Fig. 4.5Longitudinal joints.33 (Note: use butt joint with tie bar for pavements 150 mm [6 in.] thick or less.) are recommended for most applications. A similar recommendation applies for multilane pavements where the full width is not paved in one pass and for ramp connections to mainline pavements. Both types of longitudinal joints serve as a hinge via the effect of the deformed tie bar that tends to promote load transfer through aggregate interlock to maintain structural capacity and serviceability. On most pavements, lateral movement is prevented by deformed steel bars (tie bars or tie bolts). In slipform construction, deformed tie bars or tie bolts are inserted before the end of the trailing form or are inserted behind the paver pan. Insertion of straight (unbent) tie bars has been accomplished successfully with recent innovations in slipform equipment. Curbs may be constructed monolithically with pavement slabs (Fig. C.1) for edge support, but they can be constructed separately and tied to the pavement to provide edge support. Curb and gutter sections are sometimes constructed first and then used as side forms for the pavement slabs. In this case, tie bars should be used to tie pavement lanes to the curb and gutter to benefit from the added structural edge support. Depending on local experience, tie bars may not be required in the interior joints of city streets and low-volume roads if these are confined by a curb and gutter. Wide paved areas,



Table 4.1Tie bar dimensions and spacings (commonly Grade 60)*

Tie bar spacing, mm Distance to nearest free edge or to nearest joint Slab Tie bar size where movement can occur thickness, length, mm 3.0m 3.7 m 4.3 m 7.3 m mm 130 150 180 200 230 250 280 310

13M 600 13M 600 13M 600 13M 600 16M 760 16M 760 16M 760 16M 760

760 760 760 760 900 900 900 900

760 760 760 760 900 900 900 900

760 760 760 760 900 900 860 780

700 580 500 430 600 560 500 460

Corrosion protection should be used in an area where deicing salts are used on the pavement on a regular basis.

whether or not confined by a curb and gutter, should be tied together in groups of no more than three lanes at a time. Tie bars should be used on center line joints of two-lane pavements where no curb and gutter exists to keep the slabs from separating. Longitudinal construction joints should be tied into the adjacent curb and gutter to use the structural benefit of the edge support. Tie bars are designed to overcome the resistance of the subgrade or subbase to horizontal movement when the slab is contracting. This resistance is developed over the distance between the tied joint and the nearest free edge. The required cross-sectional area of tie bar per meter joint length is given by the following formula bC f wh A = --------------- 1000 fs (4-2)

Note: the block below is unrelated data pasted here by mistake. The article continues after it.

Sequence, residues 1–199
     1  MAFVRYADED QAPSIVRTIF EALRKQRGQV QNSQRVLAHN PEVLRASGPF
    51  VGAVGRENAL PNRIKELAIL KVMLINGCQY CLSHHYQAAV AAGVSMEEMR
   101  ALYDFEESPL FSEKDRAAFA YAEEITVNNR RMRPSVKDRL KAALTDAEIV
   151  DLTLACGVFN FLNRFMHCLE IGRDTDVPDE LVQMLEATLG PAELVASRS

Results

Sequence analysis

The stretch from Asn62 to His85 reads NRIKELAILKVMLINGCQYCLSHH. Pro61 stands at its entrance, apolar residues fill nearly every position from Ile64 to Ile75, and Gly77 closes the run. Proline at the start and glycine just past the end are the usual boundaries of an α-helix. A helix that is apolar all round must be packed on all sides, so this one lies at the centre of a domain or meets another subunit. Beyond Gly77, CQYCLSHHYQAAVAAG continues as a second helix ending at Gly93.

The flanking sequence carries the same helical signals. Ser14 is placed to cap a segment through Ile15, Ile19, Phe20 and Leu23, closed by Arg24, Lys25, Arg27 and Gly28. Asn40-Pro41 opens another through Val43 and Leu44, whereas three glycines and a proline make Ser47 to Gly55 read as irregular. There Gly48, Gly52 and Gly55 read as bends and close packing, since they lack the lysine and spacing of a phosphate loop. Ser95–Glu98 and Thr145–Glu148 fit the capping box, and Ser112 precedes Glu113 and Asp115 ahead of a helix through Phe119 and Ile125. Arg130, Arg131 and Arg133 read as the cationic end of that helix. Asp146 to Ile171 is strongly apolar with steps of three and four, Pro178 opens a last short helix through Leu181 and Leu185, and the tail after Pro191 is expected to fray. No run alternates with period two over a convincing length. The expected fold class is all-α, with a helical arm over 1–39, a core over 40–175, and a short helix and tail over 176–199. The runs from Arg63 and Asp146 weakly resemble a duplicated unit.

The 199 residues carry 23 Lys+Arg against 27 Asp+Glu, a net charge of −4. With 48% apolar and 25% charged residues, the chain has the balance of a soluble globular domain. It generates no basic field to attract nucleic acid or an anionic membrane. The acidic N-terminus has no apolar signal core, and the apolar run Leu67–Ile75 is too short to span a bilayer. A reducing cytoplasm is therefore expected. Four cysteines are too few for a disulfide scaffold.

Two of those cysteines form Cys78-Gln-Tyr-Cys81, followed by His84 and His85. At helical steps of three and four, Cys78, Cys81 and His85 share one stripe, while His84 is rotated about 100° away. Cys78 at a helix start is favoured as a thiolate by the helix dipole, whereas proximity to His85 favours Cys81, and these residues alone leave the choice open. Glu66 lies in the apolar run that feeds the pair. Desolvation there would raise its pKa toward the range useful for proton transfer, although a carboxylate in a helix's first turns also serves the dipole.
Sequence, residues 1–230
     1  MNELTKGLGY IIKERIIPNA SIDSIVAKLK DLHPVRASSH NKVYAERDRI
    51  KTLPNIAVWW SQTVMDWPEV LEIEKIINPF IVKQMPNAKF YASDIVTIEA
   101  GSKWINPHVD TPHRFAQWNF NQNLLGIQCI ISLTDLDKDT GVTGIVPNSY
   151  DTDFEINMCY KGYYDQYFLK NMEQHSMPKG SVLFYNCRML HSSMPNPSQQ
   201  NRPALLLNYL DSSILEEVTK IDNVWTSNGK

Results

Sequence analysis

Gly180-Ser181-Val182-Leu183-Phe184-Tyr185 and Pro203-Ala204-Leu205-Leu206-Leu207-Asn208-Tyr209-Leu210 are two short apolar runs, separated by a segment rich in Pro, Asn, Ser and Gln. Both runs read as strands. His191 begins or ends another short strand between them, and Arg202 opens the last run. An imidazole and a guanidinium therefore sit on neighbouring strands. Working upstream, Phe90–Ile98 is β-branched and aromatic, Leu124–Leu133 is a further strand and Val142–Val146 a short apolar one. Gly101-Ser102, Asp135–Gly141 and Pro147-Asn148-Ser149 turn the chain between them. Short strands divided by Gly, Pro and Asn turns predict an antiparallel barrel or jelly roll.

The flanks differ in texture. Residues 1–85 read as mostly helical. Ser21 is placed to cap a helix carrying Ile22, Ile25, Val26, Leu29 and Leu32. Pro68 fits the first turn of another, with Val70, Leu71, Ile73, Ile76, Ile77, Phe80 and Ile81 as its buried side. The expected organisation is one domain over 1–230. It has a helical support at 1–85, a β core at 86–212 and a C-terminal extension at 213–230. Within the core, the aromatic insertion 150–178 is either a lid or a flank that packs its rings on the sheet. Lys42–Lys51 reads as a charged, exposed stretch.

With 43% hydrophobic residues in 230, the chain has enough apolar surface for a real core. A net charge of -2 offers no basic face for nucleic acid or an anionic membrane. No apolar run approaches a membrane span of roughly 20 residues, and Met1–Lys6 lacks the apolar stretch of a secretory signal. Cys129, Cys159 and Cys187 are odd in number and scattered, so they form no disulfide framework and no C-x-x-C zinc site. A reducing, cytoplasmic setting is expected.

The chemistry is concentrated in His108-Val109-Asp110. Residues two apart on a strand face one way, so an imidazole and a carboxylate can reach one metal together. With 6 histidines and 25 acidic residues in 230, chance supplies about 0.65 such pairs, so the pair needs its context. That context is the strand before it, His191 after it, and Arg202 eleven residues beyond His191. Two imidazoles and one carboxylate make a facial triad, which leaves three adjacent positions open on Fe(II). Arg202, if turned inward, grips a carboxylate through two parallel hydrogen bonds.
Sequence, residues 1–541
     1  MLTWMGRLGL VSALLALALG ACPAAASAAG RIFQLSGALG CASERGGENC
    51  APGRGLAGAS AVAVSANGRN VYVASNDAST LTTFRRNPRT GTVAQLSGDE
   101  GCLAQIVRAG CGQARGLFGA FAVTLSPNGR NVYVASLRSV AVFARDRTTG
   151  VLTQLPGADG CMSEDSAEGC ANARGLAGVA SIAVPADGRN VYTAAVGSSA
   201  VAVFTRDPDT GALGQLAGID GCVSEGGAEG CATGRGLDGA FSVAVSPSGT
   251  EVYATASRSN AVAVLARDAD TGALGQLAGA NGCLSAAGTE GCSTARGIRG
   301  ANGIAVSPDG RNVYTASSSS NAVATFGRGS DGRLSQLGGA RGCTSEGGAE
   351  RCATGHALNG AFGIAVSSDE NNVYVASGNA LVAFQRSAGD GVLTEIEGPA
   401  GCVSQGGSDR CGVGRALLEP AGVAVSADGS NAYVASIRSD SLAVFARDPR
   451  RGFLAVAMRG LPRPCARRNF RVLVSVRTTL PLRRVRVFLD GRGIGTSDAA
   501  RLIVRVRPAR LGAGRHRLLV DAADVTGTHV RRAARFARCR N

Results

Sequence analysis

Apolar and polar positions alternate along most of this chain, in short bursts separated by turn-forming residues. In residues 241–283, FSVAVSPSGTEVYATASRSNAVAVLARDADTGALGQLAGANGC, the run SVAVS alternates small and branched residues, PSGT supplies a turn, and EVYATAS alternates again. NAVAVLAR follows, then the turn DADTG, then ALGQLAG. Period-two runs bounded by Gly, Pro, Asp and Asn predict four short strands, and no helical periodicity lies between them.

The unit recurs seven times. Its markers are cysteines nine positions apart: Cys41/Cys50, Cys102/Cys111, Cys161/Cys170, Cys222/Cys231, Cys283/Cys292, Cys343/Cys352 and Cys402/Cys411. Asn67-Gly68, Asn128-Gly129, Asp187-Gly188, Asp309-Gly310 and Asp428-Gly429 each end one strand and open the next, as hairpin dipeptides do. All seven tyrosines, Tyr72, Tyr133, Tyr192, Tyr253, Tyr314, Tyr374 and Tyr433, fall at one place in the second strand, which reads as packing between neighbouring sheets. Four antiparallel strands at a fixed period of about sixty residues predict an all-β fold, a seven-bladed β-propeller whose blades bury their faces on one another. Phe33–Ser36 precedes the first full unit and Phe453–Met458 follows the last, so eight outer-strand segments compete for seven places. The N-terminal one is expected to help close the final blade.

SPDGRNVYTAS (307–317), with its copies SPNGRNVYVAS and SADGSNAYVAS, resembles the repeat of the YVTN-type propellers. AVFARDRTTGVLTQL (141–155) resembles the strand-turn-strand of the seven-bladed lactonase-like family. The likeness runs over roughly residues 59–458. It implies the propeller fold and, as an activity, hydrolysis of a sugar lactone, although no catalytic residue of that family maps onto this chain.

Lt = length of tie bar, mm; fs = allowable working stress in steel, MPa (same as in Eq. (4-1)); and db = diameter of tie bar, mm. Recommended tie bar dimensions are 600 mm (24 in.) 15M bars placed on 760 mm (30 in.) centers, as a minimum. Other tie-bar spacings are listed in Table 4.1. In any case, no more than three lanes should be tied together. The width of sawed longitudinal joints is commonly 3 to 6 mm (1/8 to 1/4 in.). Sawing should be done early enough to control crackingwithin 4 to 12 h. Joints should be sawed before any heavy equipment or vehicles are allowed on the pavement. After sawing, the joints should be flushed out, dried, and sealed, if required, to eliminate a second cleaning. Joints sawed with dry cutting blades can be cleaned with compressed air. Some sealants require that the new concrete be cured for 7 days before placement of the sealant. 4.4Isolation joints and expansion joints Isolation and expansion joints allow anticipated differential horizontal and vertical movements (if no dowels are used) to occur between a pavement and another structure. Because pavement performance can be significantly affected by the planned use and location of these joints, much care should be taken in the design process. Though the terms are often used interchangeably, isolation joints are not the same as expansion joints. Although both joints use full-depth joint filler material, rarely is it needed for expansion. Performance studies have indicated that expansion joints are only necessary at relatively fixed structures such as a light pole footing and drop inlet boxes. In the past, designers placed transverse expansion joints to relieve compressive forces in the pavement and to limit blowups. In many cases, however, the expansion joints allowed too much opening of adjacent transverse contraction joints, which led to loss of aggregate interlock and sealant damage. By eliminating unnecessary expansion joints, adjacent contraction joints will remain tight and provide good load transfer and joint effectiveness.37 Isolation and expansion joints may be as much as 19 to 25 mm (0.75 to 1.0 in.) wide (Fig. 4.6). A preformed joint filler may be used to occupy the gap between the subbase or subgrade and the joint sealant. The filler is recessed 25 mm (1 in.) below the surface and should extend the full depth and width of the slab. Joint filler material should allow 50% compression and be nonshrinking, nonabsorbent, nonreactive, nonextruding, and flexible.37 The joint sealant is installed on top of the preformed filler. The sealant inhibits the infiltration of incompressible material and keeps the filler in place. It is essential to recess the sealant 6 mm to protect it from the damaging effects of traffic. The sealant and preformed filler material should be compatible. Some sealant manufacturers recommend a tape or rod bond breaker between sealant and filler materials. Regular maintenance inspections will be necessary to evaluate the performance of the expansion joint sealing materials.37 4.4.1 Isolation jointsConcrete slabs should be separated from fixed objects within or abutting the paved area to